Without acceptance, I am fighting against myself. Allowing my illness and emotions to control my life. When things are good, I’m waiting for everything to fall apart, and when things are bad, It’s validating my belief. Which is why acceptance is crucial.


I will continue to accept myself, illness and all, not only because I have no other choice, but because it allows me to let go and enjoy my life.


It’s all about learning how to work with yourself instead of against.

Vulnerability

At first, I thought to be vulnerable meant sharing the awful and miserable parts of life. The ones that we often refrained from sharing. I believed that by sharing these stories, I was the most vulnerable I could be.


But that’s not how vulnerability works.


We are vulnerable when we share our emotions. Stigma has conditioned us to believe we should keep our feelings hidden, and those who choose to talk about their emotions are looking for sympathy or attention.


We are vulnerable when we talk about our hopes and dreams. When we share goals and desires we have not yet accomplished, we are putting ourselves out there and being real.


We are vulnerable when we share our work.


I feel most vulnerable when I share the thoughts I hold and the content I have created. I am aware that others may not understand or disagree with what I create, but regardless, I am putting myself out there.


While vulnerability can be opening up about a dark time or situation, it is not limited to.


Vulnerability is sharing your authentic self with the world, knowing that not everyone will be accepting of what you have to say.

Power of Emotion

I’ve always felt out of place due to emotions. My emotions appeared to be on hyperdrive compared to those around me. I never understood why I struggled to control my feelings, yet others seemed to do it with such ease.


After I was diagnosed with BPD, I realized that my perception was my reality.


The power of my emotions could separate me from others, or it can be what brings me closer to others and the world around me.


The relationships and connections I make with others feel very deep, and they always have. I can recognize other’s emotions and feel those with them. My empathy allows me to create strong bonds.


At times, my emotions take over. I act and react based on the hurricane of emotions I’m experiencing. When I’m unable to maintain control, I say and do things I regret. The most challenging part is getting out of the emotional episode, and accepting that the pain is only temporary – no matter how stuck I feel.


On the good days, I feel in touch with myself and my environment. I can connect with others and shine a positive light.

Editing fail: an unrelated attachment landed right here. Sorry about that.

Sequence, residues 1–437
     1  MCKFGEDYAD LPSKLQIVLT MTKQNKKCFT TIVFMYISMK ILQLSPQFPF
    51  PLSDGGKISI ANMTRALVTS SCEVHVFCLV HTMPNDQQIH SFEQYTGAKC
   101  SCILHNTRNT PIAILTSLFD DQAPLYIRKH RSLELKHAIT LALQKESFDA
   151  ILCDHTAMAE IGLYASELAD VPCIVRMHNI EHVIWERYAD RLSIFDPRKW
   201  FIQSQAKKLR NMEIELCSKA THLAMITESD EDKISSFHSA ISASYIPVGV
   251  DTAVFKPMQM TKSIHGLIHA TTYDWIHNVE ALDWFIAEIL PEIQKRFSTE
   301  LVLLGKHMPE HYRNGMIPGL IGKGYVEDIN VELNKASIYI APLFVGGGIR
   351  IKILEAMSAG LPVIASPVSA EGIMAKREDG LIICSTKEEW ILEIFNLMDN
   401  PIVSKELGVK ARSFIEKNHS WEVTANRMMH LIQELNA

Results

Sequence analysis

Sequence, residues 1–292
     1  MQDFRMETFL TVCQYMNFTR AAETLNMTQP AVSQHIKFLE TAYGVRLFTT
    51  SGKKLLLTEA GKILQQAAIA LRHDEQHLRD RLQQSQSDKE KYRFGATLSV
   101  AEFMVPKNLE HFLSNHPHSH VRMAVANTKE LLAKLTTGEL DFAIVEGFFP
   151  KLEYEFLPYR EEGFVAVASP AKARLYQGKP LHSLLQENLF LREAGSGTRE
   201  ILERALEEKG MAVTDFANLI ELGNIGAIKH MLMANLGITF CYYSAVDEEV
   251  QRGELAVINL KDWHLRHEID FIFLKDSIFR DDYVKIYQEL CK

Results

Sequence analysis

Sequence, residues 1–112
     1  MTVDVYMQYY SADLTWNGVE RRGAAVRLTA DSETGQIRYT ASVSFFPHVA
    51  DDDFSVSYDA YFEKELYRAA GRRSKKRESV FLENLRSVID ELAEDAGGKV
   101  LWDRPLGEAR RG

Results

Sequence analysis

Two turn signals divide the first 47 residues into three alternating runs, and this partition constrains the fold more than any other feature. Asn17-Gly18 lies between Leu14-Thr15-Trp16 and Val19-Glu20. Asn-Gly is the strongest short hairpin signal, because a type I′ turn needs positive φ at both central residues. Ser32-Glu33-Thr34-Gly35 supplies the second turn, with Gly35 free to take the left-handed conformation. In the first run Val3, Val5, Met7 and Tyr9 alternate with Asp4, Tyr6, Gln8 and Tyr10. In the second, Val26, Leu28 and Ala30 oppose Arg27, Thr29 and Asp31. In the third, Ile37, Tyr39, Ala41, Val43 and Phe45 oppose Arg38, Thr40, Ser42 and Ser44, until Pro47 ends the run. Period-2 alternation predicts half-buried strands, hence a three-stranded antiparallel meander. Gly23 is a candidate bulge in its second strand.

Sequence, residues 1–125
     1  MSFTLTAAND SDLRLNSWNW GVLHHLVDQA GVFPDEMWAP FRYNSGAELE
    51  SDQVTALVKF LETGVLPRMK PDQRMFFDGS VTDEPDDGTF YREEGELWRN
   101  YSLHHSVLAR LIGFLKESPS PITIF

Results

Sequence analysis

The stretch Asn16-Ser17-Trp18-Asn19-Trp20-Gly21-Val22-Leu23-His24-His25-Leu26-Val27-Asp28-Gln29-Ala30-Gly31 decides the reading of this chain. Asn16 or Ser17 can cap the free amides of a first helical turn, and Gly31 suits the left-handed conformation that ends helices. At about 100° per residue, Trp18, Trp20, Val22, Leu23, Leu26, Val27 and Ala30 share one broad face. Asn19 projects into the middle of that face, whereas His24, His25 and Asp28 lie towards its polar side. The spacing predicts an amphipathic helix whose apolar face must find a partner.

My emotions are powerful. When harnessed, they bring so much to my life. When they’re out of control, I fear myself, my words, and actions. But these emotions are part of my life, and I’m determined to view and positively use them.

Depressed

I often feel every emotion intensely, so when depression hits – I feel empty. This emptiness is so unlike me. My head was filled with thoughts and ideas. Now i struggle to maintain a conversation, unable to think.


My stomach feels tight, and my appetite is absent. My body, weak. I’m exhausted, and I need a nap, yet I sleep for hours and feel unrested.


I crave bedtime when I’m safe, asleep, and not experiencing emptiness.


I usually wake up with anticipation. I enjoy the mornings most because my mind feels so clear. Now I wake up in a daze. My brain is foggy, and I feel sick inside.


I’m coping as best I can. Distraction is the only way through this: knitting, walking, reading, baking, and music.


Putting words to this feeling brings wholeness to my life.


I’m accepting this emptiness, and I’m fully feeling – or not feeling. Then, I will move on because tomorrow is a new day.

Invisible Illness

My illness is all in my head. Well, it is invisible to you.


I won’t lie; sometimes, I feel guilty because of how I am unable to engage and present myself fully.


I wish I could be carefree and easygoing, but that’s unrealistic for me.


Often, I want others to understand why I’m not those things.


My illness is invisible; others cannot read the thoughts that I have. Others cannot feel the pain and tension I experience. Others cannot grasp the emotions that take over my reality.


Sometimes my presence is all I can manage. I am juggling my mind and existence, and on stressful days that keeps my hands full.


There are days where I feel in control. My thoughts are more positive, and I have more energy. On these days I can be present. I feel like myself, and I can engage. These days remind me why the hard ones are worth it.


If you can relate to my words, I want you to know it is enough for you just to be you as little or much as you can manage. If you can’t relate, I hope you can better understand.


I’m fighting an invisible illness.